SH: This is about storytelling in general, and cinematography is about 30% of it all. I had a director come up to me and say “I had no idea that I was supposed to be talking to my cinematographer about the ways of camera and lighting emotion”. Writers are coming to the tour, and it’s helping them to better write the description of what they’re trying to capture on the page, from lighting to camera motion and more. It’s really a broad spectrum tour that boils it all down to the essentials, whether you’re shooting a documentary or a commercial. Everything still applies. You’re still trying to connect emotionally with your audience. And if all aspects of production are operating on the same level of knowledge about things like cinematography and camera movements, then a production will be that much more impactful.
HS: Take me through the day, how exactly is the tour structured?
SH: So the day starts like this: After signing in, people are hit with the initial shock of what we’ve managed to accomplish. So that’s how it starts, with me showing them the whole arsenal we’re dealing with, from all our lighting to our cameras, our motion devices, support gear and rigs. I’ve basically brought Hollywood to every one of these cities. This is real, heavy duty Hollywood gear, all carted from city to city in a 10-ton grip truck. We also have a couple of real Hollywood sets, one from Swing Vote and one from Crazy Beautiful. After the initial intro, we go into the light study, where I take everyone through the subtle nuances of light quality, light height, light angle, etc. to find what the model looks best with. With a group of seven or so assigned various jobs, we analyze the light on the model’s face. We rotate the light around the model, looking at how the light looks at each stop. Using a tricaster, we can take a side by side view to let us test different lighting angles, diffusion setups, filters, etc. and they really get to see “When she’s lit from the left side, she looks intense and powerful. Then, when she’s lit from the right side, she looks younger and more beautiful”. These are the kind of things that happen when you are positioning a key light. After that, groups come up and position the light as they see fit, and play with different angles and set ups. Then the groups weigh in on the look, and we choose which one to lock in as our first key light position. Then I take them through the three step process I do in prepping any project: Discovery, Creation, and Execution.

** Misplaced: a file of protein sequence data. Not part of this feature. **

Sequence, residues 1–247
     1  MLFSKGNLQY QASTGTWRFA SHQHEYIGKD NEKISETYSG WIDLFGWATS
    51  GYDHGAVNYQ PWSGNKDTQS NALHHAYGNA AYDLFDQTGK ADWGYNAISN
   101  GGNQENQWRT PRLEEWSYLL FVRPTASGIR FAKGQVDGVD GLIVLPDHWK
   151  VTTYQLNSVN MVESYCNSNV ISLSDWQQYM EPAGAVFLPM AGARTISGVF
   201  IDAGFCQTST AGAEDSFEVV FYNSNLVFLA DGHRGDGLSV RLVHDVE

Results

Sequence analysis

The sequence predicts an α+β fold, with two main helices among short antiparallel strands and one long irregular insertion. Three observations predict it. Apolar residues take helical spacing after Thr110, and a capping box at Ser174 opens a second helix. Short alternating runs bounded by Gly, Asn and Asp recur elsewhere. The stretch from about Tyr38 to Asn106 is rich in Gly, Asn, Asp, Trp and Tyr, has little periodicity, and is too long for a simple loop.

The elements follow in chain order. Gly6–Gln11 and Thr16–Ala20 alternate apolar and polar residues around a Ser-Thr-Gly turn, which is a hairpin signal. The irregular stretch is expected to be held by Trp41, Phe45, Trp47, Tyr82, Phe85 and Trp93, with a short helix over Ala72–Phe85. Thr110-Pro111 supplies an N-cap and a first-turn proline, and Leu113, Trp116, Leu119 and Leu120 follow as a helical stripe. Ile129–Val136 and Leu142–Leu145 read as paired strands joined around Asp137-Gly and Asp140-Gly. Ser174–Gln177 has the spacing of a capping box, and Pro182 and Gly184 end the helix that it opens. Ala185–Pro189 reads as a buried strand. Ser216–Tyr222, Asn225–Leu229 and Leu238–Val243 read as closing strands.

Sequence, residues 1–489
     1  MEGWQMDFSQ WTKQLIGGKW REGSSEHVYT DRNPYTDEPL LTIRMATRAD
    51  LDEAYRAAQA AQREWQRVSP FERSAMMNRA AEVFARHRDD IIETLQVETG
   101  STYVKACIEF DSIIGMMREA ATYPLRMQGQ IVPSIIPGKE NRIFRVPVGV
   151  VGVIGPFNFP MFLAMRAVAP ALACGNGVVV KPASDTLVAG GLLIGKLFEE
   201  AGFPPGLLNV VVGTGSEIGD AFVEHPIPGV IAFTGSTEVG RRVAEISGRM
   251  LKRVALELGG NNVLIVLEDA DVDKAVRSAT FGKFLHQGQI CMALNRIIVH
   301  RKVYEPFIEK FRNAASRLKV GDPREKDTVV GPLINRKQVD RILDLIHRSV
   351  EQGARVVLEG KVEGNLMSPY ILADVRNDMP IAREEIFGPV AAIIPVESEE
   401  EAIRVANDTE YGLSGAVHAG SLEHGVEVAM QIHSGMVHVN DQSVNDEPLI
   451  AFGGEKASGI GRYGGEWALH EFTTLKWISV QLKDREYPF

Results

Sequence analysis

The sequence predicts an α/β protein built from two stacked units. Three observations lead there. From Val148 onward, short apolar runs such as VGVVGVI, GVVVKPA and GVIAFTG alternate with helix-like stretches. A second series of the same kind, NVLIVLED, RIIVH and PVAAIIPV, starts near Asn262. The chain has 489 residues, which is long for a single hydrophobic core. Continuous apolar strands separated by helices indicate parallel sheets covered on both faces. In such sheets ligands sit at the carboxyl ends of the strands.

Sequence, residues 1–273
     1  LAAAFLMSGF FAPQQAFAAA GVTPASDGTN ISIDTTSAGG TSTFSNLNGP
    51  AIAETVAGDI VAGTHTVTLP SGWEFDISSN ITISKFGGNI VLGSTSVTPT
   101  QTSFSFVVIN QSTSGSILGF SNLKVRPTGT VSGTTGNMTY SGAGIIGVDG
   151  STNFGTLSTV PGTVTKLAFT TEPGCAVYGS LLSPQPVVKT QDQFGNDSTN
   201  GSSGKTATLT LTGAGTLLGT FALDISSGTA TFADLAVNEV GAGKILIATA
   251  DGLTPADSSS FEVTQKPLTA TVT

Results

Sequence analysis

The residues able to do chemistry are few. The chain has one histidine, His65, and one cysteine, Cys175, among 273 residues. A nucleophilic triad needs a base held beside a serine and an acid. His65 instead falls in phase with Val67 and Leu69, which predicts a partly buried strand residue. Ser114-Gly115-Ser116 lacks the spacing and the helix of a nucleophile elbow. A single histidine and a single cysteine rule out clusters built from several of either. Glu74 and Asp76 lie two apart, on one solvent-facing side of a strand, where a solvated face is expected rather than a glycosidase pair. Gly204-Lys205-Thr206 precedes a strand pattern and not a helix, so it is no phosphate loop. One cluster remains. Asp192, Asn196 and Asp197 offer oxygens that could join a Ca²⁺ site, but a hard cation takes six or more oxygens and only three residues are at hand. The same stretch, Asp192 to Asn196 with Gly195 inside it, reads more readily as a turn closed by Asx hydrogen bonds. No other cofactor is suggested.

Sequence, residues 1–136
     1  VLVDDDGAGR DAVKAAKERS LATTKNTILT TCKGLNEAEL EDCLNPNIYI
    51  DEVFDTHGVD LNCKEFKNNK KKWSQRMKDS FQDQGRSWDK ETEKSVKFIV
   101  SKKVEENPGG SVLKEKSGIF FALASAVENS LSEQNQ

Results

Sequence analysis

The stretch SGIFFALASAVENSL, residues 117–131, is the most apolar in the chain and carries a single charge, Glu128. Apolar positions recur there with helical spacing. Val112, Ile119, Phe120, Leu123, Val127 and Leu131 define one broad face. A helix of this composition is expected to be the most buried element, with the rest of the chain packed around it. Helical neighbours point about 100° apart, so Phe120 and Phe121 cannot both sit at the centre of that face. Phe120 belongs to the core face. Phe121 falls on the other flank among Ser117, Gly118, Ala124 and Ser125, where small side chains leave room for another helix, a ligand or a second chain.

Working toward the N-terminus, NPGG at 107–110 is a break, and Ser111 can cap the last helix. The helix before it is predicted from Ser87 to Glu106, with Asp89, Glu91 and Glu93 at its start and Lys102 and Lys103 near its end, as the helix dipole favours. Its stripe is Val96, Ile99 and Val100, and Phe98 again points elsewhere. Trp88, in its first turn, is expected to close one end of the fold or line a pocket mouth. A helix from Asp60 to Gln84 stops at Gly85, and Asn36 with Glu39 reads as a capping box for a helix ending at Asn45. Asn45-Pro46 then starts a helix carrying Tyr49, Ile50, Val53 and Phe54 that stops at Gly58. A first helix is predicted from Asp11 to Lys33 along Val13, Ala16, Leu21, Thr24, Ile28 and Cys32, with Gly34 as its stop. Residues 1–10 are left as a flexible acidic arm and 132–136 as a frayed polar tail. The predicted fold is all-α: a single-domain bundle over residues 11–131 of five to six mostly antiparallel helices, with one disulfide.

Just a little sneak peek at what it’s really like on the #IETour with @hurlbutvisuals! #bts